Wall hanging

Historical period(s)
3 panels, warp-faced plain weave; silk, cotton
H x W (overall): 118 x 83 cm (46 7/16 x 32 11/16 in)
Credit Line
Gift of Guido Goldman
Arthur M. Sackler Gallery
Accession Number
On View Location
Currently not on view
Costume and Textile

Wall hanging

Goldman collection, ikat, plain weave, Uzbekistan, WWII-era provenance
Provenance research underway.

This wall hanging, part of a gift from the world-renowned Guido Goldman collection, is characteristic of nineteenth-century ikat production in Central Asia. Ikat is a Malay-Indonesian word for the intricate cloth-making process in which threads are patterned by repeated binding and dyeing before they are woven. The term can also be used to describe the textiles themselves. Ikats have been made in different parts of the world, but those created in Central Asia during the nineteenth century are unrivaled for their vibrant colors and bold patterns.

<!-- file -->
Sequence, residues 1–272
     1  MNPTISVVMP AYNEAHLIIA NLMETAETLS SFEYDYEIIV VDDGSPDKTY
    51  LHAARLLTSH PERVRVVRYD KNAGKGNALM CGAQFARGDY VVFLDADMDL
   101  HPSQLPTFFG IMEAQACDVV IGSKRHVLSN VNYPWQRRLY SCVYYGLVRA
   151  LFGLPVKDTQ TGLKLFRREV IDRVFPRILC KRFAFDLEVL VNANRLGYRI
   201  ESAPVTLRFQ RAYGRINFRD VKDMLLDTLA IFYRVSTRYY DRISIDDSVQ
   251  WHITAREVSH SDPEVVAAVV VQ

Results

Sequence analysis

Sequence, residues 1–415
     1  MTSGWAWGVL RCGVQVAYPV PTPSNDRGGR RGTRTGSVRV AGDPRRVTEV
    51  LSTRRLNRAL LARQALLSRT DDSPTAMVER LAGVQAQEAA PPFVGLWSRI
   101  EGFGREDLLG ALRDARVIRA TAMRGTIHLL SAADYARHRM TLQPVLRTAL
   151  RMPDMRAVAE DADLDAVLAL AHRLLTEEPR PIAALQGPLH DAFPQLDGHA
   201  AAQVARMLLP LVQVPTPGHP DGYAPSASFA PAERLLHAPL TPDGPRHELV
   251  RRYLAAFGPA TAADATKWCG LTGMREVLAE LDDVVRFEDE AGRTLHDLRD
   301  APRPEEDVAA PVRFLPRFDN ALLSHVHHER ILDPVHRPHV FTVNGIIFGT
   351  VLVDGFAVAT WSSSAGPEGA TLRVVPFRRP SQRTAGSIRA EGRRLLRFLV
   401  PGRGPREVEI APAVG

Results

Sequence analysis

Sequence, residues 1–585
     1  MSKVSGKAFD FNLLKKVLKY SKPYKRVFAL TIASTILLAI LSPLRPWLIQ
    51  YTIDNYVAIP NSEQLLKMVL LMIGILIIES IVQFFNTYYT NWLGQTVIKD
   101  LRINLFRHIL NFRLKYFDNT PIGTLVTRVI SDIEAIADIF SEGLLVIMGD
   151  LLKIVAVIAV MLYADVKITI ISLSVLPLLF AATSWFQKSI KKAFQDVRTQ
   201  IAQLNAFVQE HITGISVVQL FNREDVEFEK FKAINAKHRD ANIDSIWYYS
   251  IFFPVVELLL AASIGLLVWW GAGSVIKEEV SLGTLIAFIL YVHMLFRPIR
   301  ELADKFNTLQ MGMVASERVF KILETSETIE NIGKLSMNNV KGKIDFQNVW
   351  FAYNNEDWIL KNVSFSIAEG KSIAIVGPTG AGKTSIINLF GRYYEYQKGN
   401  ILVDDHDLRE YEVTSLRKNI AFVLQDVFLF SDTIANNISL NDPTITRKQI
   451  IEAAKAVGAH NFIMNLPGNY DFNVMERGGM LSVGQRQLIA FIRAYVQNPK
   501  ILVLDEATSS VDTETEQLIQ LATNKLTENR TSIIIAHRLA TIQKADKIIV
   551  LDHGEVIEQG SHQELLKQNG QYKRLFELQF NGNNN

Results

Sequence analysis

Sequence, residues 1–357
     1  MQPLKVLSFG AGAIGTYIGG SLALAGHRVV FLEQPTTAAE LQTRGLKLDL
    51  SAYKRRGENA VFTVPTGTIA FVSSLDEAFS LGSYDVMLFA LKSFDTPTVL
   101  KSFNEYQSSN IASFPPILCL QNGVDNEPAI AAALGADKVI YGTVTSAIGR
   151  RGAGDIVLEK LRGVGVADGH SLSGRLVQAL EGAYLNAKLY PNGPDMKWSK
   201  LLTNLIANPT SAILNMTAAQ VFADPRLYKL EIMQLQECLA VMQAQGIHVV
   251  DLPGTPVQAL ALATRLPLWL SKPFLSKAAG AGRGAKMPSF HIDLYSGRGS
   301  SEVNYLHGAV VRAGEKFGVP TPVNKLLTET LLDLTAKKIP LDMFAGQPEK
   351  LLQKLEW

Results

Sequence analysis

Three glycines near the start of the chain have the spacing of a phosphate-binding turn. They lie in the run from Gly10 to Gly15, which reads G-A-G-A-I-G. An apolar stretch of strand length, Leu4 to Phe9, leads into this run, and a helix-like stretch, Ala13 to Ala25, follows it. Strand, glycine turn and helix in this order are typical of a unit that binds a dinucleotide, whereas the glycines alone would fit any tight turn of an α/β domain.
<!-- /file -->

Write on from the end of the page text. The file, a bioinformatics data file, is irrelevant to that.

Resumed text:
Produced in cities such as Bukhara and Samarqand in present-day Uzbekistan and in towns of the Farghana Valley in today's Tajikistan, ikats brought the colors of blooming gardens to a stark desert environment. They were used to embellish mud-plastered walls, divide interior spaces, and construct outdoor tents for ceremonial occasions.

Published References
  • Kate Fitz Gibbon, Andrew Hale. IKAT: Silks of Central Asia, the Guido Goldman Collection. Exh. cat. London. cat. 27, p. 79.
Collection Area(s)
Arts of the Islamic World
Web Resources
Google Cultural Institute
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